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Helping You Help Me

Migrane Awareness Month

Today I’m using an alternate prompt for the 2013 Migraine & Headache Awareness Month Blog Challenge: Evita: Don’t Cry for Me Argentina: We don’t want to be pitied, but we aren’t always open about telling people how they can help us. How would you like to be helped?

As people living with Migraine we have lots of feelings about the ways in which people approach us about our health and our lives generally. But we aren’t always great at asking for what we need or giving people tips on the ways we prefer to be approached with questions or offers of help.

These are some ideas of approaches & offers I find helpful. I think others in my situation would, too.

  • Could I come over to hang out this afternoon or would another day be better?
  • Can I bring lunch? What are you craving?
  • Has coping been a struggle lately?
  • Can I get you out of the house to go see a movie / get dinner / visit an exhibit or museum / etc?
  • What do you find comforting?
  • What has been especially challenging lately?
  • I’m available if you need someone to drive you to an appointment.

And ultimately, putting anything in my path that makes me laugh is the best way to help me cope.

What ideas do you have to suggest? Please share them in the comments.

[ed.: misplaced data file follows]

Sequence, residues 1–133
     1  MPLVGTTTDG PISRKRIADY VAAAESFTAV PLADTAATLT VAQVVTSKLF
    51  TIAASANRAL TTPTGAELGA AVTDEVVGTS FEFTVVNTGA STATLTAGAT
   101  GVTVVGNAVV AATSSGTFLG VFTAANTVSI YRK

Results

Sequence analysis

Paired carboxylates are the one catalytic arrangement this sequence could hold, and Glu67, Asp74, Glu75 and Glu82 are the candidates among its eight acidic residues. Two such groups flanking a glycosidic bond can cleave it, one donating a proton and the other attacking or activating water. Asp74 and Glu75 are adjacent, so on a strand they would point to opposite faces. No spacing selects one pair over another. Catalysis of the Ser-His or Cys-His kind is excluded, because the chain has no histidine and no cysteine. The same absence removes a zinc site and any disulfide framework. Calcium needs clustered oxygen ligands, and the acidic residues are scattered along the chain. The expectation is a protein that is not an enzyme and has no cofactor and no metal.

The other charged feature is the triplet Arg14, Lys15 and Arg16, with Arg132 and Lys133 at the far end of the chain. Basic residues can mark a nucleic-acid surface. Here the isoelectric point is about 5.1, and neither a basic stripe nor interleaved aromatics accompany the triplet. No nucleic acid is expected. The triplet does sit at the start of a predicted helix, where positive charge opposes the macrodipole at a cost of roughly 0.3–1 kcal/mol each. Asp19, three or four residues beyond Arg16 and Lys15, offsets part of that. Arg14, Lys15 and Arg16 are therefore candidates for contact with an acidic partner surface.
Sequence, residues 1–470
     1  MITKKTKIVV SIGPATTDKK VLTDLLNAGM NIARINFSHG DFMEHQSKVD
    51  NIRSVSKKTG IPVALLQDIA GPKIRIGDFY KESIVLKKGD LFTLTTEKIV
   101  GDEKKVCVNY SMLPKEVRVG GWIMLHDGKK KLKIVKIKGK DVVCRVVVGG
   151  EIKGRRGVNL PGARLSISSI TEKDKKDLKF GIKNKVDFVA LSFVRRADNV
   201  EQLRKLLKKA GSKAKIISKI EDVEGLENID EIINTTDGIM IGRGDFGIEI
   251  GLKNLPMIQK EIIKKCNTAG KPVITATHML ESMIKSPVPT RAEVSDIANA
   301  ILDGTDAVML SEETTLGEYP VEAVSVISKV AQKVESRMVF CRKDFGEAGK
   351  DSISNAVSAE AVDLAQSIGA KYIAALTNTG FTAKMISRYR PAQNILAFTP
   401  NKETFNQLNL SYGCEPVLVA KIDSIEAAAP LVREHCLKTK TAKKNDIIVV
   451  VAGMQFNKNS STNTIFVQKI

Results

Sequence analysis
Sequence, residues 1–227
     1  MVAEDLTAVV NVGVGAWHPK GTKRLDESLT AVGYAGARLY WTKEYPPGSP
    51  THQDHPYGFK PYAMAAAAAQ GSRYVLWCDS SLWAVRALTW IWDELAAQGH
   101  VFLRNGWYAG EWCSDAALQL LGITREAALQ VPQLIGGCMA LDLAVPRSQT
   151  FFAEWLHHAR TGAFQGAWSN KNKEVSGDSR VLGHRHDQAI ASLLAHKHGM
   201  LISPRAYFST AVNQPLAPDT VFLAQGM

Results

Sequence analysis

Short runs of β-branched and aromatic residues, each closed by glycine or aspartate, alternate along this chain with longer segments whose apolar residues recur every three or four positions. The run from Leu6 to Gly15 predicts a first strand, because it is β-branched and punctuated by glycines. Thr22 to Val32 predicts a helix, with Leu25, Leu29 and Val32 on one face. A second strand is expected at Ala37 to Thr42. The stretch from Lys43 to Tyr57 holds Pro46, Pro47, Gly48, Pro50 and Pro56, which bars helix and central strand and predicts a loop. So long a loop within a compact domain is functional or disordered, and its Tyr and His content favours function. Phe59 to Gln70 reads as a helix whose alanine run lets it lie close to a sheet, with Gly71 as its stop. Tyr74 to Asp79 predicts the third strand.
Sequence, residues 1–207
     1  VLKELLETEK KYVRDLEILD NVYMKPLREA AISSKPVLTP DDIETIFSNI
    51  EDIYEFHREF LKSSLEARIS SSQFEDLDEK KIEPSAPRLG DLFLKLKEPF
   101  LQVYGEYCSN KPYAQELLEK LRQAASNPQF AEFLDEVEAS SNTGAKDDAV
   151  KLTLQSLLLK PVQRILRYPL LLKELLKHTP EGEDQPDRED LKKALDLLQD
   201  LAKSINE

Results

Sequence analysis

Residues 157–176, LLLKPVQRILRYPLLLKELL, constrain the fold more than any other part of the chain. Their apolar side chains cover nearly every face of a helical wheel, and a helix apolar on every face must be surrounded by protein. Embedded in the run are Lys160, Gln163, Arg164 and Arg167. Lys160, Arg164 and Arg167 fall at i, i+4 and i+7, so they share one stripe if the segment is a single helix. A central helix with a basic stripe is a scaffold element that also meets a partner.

Learn more about the MHAM Blog Challenge and other MHAM events by visiting:

2013 Migraine & Headache Awareness Month Information Page

June, Migraine and Headache Awareness Month, is dedicated to Unmasking the Mystery of Chronic Headache Disorders. The Migraine and Headache Awareness Month Blog Challenge is issued by

This article represents the opinions, thoughts, and experiences of the author; none of this content has been paid for by any advertiser. The team does not recommend or endorse any products or treatments discussed herein. Learn more about how we maintain editorial integrity here.


  • not so joy
    6 years ago

    Have you seen my dog meow? Would you care to eat a doctor? Or be driven to the sandwich? While not in the throes of a migraine, none of those sentences make sense, but while suffering, they make complete sense and would probably be answered no, no, yes. I guess I would like a little understanding that language systems are scrambled coming in and going out. The reason we have to ask for things to be repeated so often, is not that we can’t hear, but that we don’t understand.

  • Poll